Lavazza Italian Film Festival: Charming and poignant "Bangla" is a gem of a debut by Phaim Bhuiyan
In Bangla’s hilarious opening sequence, we are introduced to two distinctly different worlds: the life we wish we could lead, and the life we end up living.
Sometimes, it feels like the life we wish we could lead is impossible, and that the life we will end up living is both inevitable and inescapable. Do we feel this way because of our fears of hurting the people we love? Or is it a result of the potential crossroads between our dreams and desires, and the things we have been taught were wrong growing up. Whatever the reason may be, inner conflict will always be a human condition, and one of the greatest strengths of Bangla is how it explores this inner conflict in a way that is simultaneously universal and unique to the film’s protagonist’s cultural background.
Within the first 10 minutes of the film, we are given the grand tour of the life of our young protagonist and narrator Phaim (played by the director himself). Phaim lives at home with his stable Islamic family of four who, while happy with the simple lives they lead, dream of something more: his mother wants to move to London for a nice sea change, and his sister is struggling with the uncertainty of a looming marriage. Most of all, Phaim himself feels confused with expressing his blooming sexual desires, while abiding by a sacred rule of his faith: no sex before marriage. Things become more confusing when he meets the confident and impulsive Asia (played wonderfully by Carlotta Antonelli) and he is pulled between this blossoming romance and his faith.
The film’s setting, Torpigna, the neighborhood Phaim grew up in, is a melting pot of Indian and Italian communities; a cultural venn diagram that is partly charming and interesting but simultaneously overwhelming and strange, due to Torpigna’s rapidly evolving population. That these characters live in such an eclectic province provides an evocative thematic background to how we interpret and reevaluate our family traditions and religious heritage in the modern age.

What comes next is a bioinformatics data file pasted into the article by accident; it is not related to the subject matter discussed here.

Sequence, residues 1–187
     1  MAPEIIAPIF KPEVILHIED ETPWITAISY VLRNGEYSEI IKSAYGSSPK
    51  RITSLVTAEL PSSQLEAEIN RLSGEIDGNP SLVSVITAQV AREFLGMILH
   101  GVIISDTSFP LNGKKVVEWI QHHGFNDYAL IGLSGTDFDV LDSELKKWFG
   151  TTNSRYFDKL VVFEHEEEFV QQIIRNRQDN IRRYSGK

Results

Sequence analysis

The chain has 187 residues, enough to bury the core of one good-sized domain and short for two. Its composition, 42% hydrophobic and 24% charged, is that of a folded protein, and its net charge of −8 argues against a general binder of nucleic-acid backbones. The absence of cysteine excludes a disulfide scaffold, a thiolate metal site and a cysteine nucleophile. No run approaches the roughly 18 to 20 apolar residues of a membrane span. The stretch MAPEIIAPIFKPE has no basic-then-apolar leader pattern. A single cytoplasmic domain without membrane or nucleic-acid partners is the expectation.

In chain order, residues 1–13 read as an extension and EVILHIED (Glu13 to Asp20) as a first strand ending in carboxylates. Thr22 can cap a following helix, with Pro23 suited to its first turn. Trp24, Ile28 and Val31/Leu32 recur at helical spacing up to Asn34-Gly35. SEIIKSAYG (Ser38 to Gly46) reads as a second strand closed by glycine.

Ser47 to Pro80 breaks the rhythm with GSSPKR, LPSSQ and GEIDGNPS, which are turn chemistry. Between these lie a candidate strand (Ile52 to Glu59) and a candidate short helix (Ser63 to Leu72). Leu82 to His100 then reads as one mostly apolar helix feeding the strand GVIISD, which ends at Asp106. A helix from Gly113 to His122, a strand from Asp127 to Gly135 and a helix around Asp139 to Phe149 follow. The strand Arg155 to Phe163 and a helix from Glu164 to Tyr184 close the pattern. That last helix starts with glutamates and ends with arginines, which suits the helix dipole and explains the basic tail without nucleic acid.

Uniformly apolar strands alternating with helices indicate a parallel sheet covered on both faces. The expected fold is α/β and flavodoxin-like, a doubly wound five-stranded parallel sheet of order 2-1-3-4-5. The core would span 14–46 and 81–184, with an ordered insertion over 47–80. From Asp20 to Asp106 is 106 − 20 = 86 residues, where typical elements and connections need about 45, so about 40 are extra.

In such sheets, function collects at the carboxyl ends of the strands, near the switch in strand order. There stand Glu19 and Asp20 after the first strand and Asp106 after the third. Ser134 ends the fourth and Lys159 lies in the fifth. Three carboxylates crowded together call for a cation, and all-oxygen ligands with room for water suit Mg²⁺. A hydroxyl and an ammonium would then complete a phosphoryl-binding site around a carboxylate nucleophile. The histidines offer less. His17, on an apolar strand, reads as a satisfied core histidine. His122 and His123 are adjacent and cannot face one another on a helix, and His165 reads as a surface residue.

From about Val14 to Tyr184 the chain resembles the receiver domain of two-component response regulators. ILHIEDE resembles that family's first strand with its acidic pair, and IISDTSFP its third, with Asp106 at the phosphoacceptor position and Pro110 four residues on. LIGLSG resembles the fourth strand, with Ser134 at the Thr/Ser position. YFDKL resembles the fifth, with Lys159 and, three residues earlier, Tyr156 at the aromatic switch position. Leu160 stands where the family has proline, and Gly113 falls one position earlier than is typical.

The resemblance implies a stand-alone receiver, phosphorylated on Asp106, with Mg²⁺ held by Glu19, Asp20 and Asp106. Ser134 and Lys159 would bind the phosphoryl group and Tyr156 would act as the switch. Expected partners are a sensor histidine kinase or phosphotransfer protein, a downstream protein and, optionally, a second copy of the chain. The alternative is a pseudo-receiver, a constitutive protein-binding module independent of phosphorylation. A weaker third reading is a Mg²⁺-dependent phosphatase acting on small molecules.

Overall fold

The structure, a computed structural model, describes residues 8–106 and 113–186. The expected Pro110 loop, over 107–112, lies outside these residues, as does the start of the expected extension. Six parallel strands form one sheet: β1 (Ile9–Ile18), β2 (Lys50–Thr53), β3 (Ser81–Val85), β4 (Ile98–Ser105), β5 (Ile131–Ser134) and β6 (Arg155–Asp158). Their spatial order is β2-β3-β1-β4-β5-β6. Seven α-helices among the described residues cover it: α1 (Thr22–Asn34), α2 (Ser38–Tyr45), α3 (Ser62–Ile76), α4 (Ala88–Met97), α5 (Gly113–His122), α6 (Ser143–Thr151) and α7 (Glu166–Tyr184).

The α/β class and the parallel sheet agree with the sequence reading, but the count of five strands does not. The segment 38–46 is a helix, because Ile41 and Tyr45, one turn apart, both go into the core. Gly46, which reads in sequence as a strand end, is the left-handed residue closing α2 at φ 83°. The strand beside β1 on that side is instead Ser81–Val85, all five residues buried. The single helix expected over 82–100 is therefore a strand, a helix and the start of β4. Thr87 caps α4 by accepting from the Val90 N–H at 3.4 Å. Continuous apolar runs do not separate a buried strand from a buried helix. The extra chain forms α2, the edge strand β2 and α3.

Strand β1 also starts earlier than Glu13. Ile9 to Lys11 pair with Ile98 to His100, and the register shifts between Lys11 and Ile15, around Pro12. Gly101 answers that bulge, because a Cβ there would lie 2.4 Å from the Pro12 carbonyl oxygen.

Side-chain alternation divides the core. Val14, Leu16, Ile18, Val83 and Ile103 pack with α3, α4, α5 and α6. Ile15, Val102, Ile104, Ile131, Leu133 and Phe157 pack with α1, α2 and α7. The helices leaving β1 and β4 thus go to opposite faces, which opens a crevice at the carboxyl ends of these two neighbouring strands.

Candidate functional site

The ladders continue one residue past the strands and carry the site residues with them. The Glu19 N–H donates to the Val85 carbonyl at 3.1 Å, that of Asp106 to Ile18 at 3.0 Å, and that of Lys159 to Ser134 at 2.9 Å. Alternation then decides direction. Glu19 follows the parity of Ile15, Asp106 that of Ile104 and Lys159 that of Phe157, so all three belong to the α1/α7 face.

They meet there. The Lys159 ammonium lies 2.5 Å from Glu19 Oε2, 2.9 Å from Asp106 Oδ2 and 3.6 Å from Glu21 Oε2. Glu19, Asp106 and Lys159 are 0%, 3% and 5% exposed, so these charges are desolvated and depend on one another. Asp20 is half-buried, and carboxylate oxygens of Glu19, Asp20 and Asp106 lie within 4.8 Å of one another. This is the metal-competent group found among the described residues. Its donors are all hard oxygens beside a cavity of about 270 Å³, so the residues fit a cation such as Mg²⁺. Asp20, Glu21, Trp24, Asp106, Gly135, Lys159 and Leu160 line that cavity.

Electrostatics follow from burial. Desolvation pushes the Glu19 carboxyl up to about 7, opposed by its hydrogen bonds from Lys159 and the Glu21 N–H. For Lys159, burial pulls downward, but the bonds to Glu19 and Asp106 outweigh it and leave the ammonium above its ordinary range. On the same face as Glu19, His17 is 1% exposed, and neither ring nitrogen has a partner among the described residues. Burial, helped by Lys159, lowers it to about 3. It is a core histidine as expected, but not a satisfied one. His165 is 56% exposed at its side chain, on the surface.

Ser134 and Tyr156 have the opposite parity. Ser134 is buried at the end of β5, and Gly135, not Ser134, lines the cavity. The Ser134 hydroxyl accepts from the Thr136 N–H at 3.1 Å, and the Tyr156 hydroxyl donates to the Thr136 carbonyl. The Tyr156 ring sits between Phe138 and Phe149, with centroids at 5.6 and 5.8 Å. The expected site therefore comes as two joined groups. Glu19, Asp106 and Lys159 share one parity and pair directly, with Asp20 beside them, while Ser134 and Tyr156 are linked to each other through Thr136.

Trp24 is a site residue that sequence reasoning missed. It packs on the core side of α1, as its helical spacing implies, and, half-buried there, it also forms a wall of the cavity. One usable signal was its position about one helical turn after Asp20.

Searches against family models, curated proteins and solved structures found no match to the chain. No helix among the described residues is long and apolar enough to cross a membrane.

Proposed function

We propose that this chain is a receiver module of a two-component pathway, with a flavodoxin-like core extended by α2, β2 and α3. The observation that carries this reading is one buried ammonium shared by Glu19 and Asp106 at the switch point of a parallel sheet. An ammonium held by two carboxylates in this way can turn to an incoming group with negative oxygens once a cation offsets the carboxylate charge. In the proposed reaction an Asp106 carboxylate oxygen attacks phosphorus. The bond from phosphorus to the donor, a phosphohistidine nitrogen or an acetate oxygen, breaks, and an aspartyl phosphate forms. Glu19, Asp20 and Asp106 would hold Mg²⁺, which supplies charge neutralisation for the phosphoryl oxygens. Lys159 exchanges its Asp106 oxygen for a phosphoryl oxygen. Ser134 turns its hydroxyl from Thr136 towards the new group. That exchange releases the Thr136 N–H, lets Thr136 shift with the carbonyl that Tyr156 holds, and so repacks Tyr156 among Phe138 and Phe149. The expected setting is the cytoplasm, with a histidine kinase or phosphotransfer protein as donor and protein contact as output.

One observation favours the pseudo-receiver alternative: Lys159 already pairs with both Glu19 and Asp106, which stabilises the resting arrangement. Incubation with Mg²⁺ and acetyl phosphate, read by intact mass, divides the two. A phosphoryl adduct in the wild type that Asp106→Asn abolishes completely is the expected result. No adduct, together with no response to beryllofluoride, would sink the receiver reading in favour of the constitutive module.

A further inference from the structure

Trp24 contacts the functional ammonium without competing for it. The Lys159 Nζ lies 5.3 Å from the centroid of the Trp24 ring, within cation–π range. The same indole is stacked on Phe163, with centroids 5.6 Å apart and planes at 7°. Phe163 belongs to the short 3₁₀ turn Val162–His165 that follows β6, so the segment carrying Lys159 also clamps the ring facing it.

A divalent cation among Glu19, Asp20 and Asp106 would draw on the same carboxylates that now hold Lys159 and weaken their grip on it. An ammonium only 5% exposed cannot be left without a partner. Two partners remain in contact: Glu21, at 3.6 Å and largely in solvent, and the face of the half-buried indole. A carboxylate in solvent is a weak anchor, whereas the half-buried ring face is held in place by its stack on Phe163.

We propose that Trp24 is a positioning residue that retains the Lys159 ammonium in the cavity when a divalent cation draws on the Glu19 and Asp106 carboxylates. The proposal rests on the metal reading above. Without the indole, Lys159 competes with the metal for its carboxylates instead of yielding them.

The magic of Bangla comes from the elegant balance between the elements of comedy and drama in the portrayal of Phaim’s conflict, and how this tightrope keeps us deeply immersed in the film. When Phaim and Asia first start seeing each other, it has all the endearing elements you see in an independent rom-com, yet there is an underlying tension of Phaim’s guilt of betraying his religious obligations underneath the ecstasy of their love. While our introduction to Torpigna is heavily stylized with narration, quick edits, and fourth-wall breaking, there are numerous moments of realism that are vulnerable and revealing, all shot and performed with care, nuance, and control.
Bangla is hilarious, and enlightening, and an impressive directorial debut by Phaim Bhuyian. The most surprising thing I found walking away from this film was how someone’s life, in a world foreign and unknown to mine, didn’t feel too far from home.
4 out of 5 stars